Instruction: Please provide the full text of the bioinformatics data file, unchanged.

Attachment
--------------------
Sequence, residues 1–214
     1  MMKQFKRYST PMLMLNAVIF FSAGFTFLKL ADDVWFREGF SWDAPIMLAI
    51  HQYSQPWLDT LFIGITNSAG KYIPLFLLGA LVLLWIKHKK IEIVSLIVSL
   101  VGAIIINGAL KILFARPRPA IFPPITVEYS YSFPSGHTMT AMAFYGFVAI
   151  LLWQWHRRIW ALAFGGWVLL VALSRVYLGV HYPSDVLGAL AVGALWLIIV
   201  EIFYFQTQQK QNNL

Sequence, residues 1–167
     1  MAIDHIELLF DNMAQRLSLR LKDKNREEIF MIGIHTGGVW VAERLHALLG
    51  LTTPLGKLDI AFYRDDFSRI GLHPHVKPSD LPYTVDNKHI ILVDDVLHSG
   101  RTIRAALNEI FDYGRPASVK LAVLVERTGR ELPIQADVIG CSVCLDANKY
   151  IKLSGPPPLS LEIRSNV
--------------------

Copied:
Sequence, residues 1–214
     1  MMKQFKRYST PMLMLNAVIF FSAGFTFLKL ADDVWFREGF SWDAPIMLAI
    51  HQYSQPWLDT LFIGITNSAG KYIPLFLLGA LVLLWIKHKK IEIVSLIVSL
   101  VGAIIINGAL KILFARPRPA IFPPITVEYS YSFPSGHTMT AMAFYGFVAI
   151  LLWQWHRRIW ALAFGGWVLL VALSRVYLGV HYPSDVLGAL AVGALWLIIV
   201  EIFYFQTQQK QNNL

Sequence, residues 1–167
     1  MAIDHIELLF DNMAQRLSLR LKDKNREEIF MIGIHTGGVW VAERLHALLG
    51  LTTPLGKLDI AFYRDDFSRI GLHPHVKPSD LPYTVDNKHI ILVDDVLHSG
   101  RTIRAALNEI FDYGRPASVK LAVLVERTGR ELPIQADVIG CSVCLDANKY
   151  IKLSGPPPLS LEIRSNV